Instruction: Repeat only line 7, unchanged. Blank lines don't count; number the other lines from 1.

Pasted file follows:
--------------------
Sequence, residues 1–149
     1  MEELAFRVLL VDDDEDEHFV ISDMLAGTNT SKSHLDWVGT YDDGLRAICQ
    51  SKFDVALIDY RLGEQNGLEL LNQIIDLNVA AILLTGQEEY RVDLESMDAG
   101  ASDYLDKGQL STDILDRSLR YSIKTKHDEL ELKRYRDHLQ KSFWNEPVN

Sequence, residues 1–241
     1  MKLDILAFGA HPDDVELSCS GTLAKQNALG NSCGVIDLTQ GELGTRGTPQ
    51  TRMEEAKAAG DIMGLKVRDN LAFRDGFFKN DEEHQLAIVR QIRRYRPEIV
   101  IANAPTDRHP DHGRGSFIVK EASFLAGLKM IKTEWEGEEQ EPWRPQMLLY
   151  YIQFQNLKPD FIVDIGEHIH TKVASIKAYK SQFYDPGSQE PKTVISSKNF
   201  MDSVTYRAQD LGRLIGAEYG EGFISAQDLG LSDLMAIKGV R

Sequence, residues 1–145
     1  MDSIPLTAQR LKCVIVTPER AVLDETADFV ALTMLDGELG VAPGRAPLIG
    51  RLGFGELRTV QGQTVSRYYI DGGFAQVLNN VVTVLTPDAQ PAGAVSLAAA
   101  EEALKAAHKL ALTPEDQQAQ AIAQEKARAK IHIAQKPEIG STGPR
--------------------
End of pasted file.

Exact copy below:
    51  TRMEEAKAAG DIMGLKVRDN LAFRDGFFKN DEEHQLAIVR QIRRYRPEIV